These keywords were added by machine and not by the authors. This process is experimental and the keywords may be updated as the learning algorithm improves.


Reference management is perceived to be tedious and time consuming by many researchers, especially when it is done manually. In the past, references used to be written on index cards and stored in boxes. Now, reference management software allows for the digitalization of a personal collection of relevant scholarly publications. The earliest programs to manage the basic task of storing references and adding them to manuscripts have been around for over 25 years (including Endnote and BibTeX/LaTeX-based programs which are still popular today), but each individual entry had to be typed by hand. In the last 15 years we have seen a number of significant developments that have made reference management much easier for the researcher:

  1. 1.

    Retrieval of reference information from online bibliographic databases

  2. 2.

    DOIs and other persistent identifiers for bibliographic information

  3. 3.

    Automated management of PDF files

  4. 4.

    Open Access for easier access to full-text content

  5. 5.

    Web-based reference management for easier collaboration and use across multiple devices

In this chapter we describe what reference managers are and provide an overview of some reference management products. We do not make recommendations as to which reference manager may be the best as this is a personal choice and depends on the workflow of the individual researcher.

What is a Reference Manager?

A reference manager supports researchers in performing three basic research steps: searching, storing, and writing (Fenner 2010a). It helps researchers find relevant literature, allows them to store papers and their bibliographic metadata in a personal database for later retrieval, and allows researchers to insert citations and references in a chosen citation style when writing a text. To support those steps, a reference manager should have the following functionalities as identified by Gilmour and Cobus-Kuo (2011):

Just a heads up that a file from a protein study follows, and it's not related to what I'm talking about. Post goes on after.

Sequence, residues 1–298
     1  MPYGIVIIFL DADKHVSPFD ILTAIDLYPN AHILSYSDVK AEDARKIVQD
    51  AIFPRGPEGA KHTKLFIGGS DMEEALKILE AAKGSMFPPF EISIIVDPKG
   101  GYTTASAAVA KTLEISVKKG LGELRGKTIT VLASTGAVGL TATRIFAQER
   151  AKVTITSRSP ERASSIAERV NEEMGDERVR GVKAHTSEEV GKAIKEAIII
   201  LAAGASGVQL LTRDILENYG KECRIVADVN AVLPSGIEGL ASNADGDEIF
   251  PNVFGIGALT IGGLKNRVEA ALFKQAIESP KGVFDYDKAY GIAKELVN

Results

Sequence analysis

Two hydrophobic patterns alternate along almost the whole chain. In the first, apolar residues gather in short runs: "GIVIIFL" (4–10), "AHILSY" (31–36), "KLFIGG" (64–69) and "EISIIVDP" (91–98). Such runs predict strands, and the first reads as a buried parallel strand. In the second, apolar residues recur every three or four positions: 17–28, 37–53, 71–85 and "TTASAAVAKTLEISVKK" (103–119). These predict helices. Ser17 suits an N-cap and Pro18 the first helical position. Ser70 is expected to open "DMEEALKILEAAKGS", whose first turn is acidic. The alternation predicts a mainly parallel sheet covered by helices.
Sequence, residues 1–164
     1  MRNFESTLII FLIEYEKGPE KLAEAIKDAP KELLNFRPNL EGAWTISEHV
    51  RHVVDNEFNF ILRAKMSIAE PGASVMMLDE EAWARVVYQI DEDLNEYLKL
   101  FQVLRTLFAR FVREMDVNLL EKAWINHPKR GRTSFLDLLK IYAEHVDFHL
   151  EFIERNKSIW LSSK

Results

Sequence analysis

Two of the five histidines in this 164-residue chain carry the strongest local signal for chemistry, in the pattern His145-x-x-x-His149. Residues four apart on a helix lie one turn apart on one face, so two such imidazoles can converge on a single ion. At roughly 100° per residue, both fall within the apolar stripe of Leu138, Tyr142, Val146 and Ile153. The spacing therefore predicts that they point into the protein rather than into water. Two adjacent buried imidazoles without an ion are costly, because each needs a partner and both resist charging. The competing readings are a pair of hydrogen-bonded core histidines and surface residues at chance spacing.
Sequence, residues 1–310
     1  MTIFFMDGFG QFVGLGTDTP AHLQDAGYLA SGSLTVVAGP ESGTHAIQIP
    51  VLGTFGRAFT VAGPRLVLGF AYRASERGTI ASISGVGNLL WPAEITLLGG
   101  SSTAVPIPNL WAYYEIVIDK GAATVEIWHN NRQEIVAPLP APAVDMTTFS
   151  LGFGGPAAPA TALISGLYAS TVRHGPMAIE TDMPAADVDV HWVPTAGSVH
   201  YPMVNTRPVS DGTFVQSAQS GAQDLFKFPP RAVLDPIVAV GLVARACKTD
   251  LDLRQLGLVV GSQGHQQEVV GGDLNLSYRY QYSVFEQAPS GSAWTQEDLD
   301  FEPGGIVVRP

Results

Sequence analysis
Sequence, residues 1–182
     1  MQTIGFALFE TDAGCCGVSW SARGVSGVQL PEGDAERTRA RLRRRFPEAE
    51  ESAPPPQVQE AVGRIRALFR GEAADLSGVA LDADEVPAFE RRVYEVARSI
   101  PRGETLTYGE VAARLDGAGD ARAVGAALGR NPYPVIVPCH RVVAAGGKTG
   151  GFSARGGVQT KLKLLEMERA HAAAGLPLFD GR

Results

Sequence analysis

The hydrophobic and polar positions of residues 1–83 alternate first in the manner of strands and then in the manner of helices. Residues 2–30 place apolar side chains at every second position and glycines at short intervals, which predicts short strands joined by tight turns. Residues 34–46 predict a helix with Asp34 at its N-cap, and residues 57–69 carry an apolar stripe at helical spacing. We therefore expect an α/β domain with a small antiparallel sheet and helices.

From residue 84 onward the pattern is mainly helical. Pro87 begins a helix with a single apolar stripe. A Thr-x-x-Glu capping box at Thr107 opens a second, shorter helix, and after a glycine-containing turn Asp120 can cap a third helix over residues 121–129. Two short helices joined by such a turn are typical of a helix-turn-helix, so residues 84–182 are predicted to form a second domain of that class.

1. 1.

    Import citations from bibliographic databases and websites

  2. 2.

    Gather metadata from PDF files

  3. 3.

    Allow organization of citations within the reference manager database

  4. 4.

    Allow annotation of citations

  5. 5.

    Allow sharing of the reference manager database or portions thereof with colleagues

  6. 6.

    Allow data interchange with other reference manager products through standard metadata formats (e.g. RIS, BibTeX)

  7. 7.

    Produce formatted citations in a variety of styles

  8. 8.

    Work with word processing software to facilitate in-text citation

A reference manager is a software package that allows scientific authors to collect, organize, and use bibliographic references or citations. The terms citation manager or bibliographic management software are used interchangeably. The software package usually consists of a database that stores references and citations. Once a citation is inserted into the database, it can be reused to create bibliographies which are typically found at the end of a scientific text.

Almost all reference managers allow direct importing from bibliographic databases through direct access from the reference manager and/or bookmarklets that import content from the web browser. Alternatively, references can be imported from other reference managers or from files in the BibTeX standard format with the help of import tools.

The reference database can then be searched, indexed, and labeled. Most reference managers offer tools for organizing the references into folders and subfolders. Some reference managers allow the inclusion of full-text papers in PDF format. References can be shared via the Internet and organized into workgroups so that all members can use the same reference database.

Reference managers offer tools for exporting citations and references into word processing programs by selecting relevant items from the database. The citation style can be selected from a corresponding database which contains styles that aim to cover the requirements of a large number of scholarly publishers. Some reference managers allow for styles to be edited and saved.